April 10, 2015 Update: Fraud Attempts
Please be aware that local credit union members, including WSECU members, have been receiving automatic calls and texts stating that their card has been deactivated, locked or blocked. If you receive such a call or text, don’t respond – it is fraudulent!
These are attempts to get your card information and commit fraud. If you do respond, please contact us (or the applicable financial institution) immediately so your card can be blocked.
During business hours: Call our Contact Center at 800.562.0999.
Business hours are 7:00 am-7:00 pm M-F and 9:00 am-2:00 pm Saturday.
After business hours: Call 866.851.5416.
Protecting Yourself from Fraud
Fraud isn’t fun. No one likes and everyone wants to avoid it. Unfortunately, it isn’t going away.
We’ve created Security Central to give you a resource to learn more about fraud so you’ll know how to identify it when you see it, what to do to prevent it and action to take if fraud is committed on your accounts.
The types of fraud that are most popular these days are:
For more detailed information on fraud and how it takes place, start with our smishing page or click on the links at the bottom of this page.
- Smishing – An attempt to obtain personal and financial information by posing as a legitimate financial institution via text message.
- Phishing – An attempt to obtain personal and financial information through electronic communication by posing as a legitimate financial institution.
- Vishing – Unsolicited calls or automated voice messages requesting a return call to provide personal and financial information.
Tip of the Month
Phishing & Smishing Identity Theft Travel Tips Security
Spring is nearly here and it’s time for our next security tip!
As technology gains a more important role in our lives, it also grows in complexity. Given how quickly technology changes, keeping up with security advice can be confusing. It seems like there's always new guidance on what you should or shouldn’t be doing. Even though the details of how to stay secure frequently change, there are some fundamental things you can do to help protect yourself. Our last tip covered the third of five steps: passwords and suggestions for making them unique and strong. This month we'll cover the fourth step you can take.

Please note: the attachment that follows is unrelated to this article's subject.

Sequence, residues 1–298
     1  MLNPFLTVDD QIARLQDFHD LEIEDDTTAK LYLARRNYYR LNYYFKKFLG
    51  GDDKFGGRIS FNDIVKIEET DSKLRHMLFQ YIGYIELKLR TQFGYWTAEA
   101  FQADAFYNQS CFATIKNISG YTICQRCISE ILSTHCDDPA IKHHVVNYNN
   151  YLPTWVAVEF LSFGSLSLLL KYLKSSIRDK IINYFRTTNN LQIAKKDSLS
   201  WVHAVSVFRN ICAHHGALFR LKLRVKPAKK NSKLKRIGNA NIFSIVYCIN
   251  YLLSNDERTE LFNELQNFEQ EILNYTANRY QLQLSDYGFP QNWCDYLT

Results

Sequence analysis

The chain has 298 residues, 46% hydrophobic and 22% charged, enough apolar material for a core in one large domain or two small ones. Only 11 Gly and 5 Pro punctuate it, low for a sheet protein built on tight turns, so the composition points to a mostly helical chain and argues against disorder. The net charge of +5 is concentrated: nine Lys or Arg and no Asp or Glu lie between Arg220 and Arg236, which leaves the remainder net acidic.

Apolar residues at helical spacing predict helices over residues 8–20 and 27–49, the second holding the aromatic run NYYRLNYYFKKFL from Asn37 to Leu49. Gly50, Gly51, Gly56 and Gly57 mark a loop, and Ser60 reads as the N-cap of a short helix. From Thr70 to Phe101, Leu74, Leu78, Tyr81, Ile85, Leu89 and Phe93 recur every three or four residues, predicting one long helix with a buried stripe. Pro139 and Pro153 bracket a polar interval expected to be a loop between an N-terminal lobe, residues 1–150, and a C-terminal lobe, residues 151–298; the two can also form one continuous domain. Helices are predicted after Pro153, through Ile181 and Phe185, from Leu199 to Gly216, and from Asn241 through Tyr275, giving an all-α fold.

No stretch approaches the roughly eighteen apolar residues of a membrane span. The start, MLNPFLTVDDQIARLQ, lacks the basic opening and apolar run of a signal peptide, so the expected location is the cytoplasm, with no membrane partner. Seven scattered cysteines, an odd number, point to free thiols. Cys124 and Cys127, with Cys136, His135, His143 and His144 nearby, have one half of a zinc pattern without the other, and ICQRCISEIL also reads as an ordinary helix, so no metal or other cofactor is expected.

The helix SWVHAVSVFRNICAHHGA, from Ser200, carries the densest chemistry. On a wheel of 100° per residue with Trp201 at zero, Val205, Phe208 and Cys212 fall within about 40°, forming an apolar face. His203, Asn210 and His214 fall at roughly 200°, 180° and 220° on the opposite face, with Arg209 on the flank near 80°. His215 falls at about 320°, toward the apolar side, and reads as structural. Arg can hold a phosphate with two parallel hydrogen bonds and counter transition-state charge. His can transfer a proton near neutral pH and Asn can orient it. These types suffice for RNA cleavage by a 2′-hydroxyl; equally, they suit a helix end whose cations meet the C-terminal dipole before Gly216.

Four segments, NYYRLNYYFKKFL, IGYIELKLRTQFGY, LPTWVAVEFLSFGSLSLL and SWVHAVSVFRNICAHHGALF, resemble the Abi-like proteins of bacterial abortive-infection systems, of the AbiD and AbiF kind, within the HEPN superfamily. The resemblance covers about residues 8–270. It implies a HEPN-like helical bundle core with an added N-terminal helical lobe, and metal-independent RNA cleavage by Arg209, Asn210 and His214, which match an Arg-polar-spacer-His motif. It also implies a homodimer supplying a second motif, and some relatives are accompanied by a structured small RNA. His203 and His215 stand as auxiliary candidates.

Step 4: Encryption. Using encryption helps ensure your information is only accessible to you and those you trust. Data can be encrypted when it’s at rest and in motion. What does that mean? Good question. At rest means when your data is stored as files on your hard drive, memory stick or other external storage devices. Data in motion means encrypting it when it’s being transmitted from your device to other devices. A good example is Online Banking. Most operating systems allow automatic encryption using features like Full Disk Encryption. We suggest enabling this feature whenever possible and it’s easy to verify if encryption is enabled – just look for “https” and the padlock symbol in front of it on the web address you’re visiting. You’ll see that on our website whenever you visit it.
Check back next month for the final step!